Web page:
Charles Yoakum On Watchmen As A Reputation Builder
Reputation building can be a theme here as well. Moore and Gibbons put on a high wire act, and while Alan came in under the radar with The Anatomy Lesson, here he and Dave decided to the "big project," announced that they were going to do it, and then had the pressure to pull it all off. That's not easy. In Gibbon's book, you can see him submerging himself in the process to just get the damn thing done. What they were doing was going to be game changing and they knew it. The only other thing that was close was the freedom that DC gave Miller to do Ronin
. Remember, with the same freedom, Barr and Bolland's Camelot 3000
turned into forgettable, off schedule garbage. For those of us back then, any change to the business-as-usual DC and Marvel was completely unexpected, and DC's making the accommodations to their superior creators was novel and highly unique. I didn't mind waiting for that last issue of Watchmen
because I knew that there would be no compromises artistically to the dreaded deadline doom. Thank god for that.
Aaron White On Watchmen As A Personality Test
This may be the dopiest entry-point into Watchmen
you'll ever receive, but my college friends and I used it as a cheap personality test. We firmly believed that one's answer to the question "Who's your favorite Watchman?" would speak volumes about your outlook on life. We were deeply disappointed in our friend Colleen, who insisted her favorite was Daniel the younger Night Owl on the grounds that her boyfriend was named Daniel.
Jason Michelitch On Watchmen As Humanist Literature
What initially dazzled me in Watchmen was the craft and the genre commentary, but what has kept me coming back to it is the fullness of Moore's characters and the attitude of the book towards humanity as a whole. I don't think that Watchmen is Moore's best work, but I can't think of any other book of his where there was as much of an ensemble at work, where one central character or smaller group of characters didn't dominate the stage. In Watchmen, there are at least seven main characters whose desires and inner persons are delved into with relish, not to mention the legions of minor characters that Moore bothers to imbue with full-fledged person status. One of the reasons why the monstrous climax of Ozymandias' plot shocks us so is that over the course of the book we've come to view to "little people" of the book as persons as real and as vivid as the ones dressed in costumes. Even the missing artists, who are discussed almost solely as a plot point for most of the book, are given two panels or so in which they are unrelentingly human. Moore is a master of using one or two lines of dialogue and carefully considered staging (interpreted perfectly by Gibbons, I should add) to suggest a whole character. On the more direct notion of humanism, the scene on Mars was really important to me as a 15 year-old trying to muddle through all sorts of Big Important Thoughts about the world and humans. There's obviously so much more to think through philosophically than Watchmen provides, but I never saw it as an end point, even when I first read it. Jon's revelation about the statistical importance of any given human being was a revelatory thought to me at that time, and I took it as a starting point for further thought and appreciation of our fucked-up species. It's still one of my favorite scenes in any work of fiction in any medium.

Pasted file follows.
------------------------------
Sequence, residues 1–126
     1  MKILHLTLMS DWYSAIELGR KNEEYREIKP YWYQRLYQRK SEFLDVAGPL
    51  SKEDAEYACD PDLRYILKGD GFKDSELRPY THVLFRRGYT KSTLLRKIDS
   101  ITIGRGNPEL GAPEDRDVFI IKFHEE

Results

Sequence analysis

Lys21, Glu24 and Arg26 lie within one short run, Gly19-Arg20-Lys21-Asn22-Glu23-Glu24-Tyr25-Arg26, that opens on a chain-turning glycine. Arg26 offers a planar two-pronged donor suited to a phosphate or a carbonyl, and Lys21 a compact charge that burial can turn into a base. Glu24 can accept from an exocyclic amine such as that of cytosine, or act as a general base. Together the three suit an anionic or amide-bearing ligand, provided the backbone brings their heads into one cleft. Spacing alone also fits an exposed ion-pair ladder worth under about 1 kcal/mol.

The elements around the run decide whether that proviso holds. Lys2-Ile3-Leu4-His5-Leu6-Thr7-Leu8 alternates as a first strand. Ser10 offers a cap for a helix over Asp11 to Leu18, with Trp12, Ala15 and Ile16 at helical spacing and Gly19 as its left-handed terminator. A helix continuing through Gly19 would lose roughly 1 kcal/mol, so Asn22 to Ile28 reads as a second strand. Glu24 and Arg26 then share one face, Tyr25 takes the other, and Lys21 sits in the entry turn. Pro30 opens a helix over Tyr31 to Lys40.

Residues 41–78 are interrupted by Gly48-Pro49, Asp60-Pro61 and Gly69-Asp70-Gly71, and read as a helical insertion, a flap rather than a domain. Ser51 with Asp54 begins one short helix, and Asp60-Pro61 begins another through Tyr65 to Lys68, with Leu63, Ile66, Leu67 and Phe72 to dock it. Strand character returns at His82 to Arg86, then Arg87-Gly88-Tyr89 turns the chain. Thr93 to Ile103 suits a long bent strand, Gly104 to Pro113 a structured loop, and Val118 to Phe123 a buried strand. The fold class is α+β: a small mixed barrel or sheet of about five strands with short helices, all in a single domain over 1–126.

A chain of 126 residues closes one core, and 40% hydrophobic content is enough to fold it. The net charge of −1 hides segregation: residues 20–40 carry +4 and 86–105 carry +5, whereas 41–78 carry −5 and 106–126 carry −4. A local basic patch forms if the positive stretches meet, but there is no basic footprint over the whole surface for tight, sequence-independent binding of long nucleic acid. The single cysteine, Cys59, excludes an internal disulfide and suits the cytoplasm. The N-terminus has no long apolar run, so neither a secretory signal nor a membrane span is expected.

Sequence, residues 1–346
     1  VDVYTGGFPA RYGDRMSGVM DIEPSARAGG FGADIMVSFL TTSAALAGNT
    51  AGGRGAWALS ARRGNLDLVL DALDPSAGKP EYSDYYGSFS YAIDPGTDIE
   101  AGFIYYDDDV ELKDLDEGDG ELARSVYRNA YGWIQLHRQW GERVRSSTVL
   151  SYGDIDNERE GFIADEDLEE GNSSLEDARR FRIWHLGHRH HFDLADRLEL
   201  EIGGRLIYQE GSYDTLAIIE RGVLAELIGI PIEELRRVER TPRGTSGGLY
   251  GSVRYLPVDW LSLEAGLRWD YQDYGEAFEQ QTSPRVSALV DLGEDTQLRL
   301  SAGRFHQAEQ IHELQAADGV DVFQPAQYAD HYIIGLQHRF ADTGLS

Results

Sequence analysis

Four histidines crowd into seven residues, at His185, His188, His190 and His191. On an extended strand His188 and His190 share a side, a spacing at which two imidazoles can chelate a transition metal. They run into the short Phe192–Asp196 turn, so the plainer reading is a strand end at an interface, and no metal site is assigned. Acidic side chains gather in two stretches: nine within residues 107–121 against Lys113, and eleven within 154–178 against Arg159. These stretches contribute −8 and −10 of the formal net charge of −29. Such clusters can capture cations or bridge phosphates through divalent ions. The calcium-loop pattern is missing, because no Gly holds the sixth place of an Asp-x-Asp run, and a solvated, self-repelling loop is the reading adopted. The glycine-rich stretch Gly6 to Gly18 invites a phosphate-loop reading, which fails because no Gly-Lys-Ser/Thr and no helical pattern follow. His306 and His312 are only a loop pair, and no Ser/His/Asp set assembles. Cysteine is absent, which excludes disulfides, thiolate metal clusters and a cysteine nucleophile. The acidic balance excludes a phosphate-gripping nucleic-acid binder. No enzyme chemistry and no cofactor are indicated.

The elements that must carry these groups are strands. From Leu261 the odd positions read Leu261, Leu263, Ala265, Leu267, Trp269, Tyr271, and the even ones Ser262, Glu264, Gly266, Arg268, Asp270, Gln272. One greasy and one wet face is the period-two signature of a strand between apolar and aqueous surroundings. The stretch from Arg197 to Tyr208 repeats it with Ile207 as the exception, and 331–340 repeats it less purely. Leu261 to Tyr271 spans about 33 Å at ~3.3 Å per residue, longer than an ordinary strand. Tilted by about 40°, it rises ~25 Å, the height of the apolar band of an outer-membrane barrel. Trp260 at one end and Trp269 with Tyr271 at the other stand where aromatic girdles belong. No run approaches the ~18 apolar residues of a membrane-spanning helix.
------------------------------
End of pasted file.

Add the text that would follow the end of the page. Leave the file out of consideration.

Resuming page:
Chris Mautner On Watchmen As An Indictment Of Baby Boomer Hubris
I've always seen Watchmen in a large part as being a treatise on the danger of assuming you know what's best for people and a condemnation of the baby boom generation to an extent. It's not for nothing that Ozymandius draws allusions to JFK and the "best and brightest" generation. The thing I remember that struck me upon first read is how absolutely convinced Veidt (and everyone else) was that we were headed for WWIII, when, of course, in the real world, such a thing thankfully never occurred. I think Watchmen dovetails neatly with a lot of the ideas Moore expresses in V for Vendetta, about giving the power to the people themselves and the danger of assuming -- as a lot of people in power do -- that you know what's best for everybody.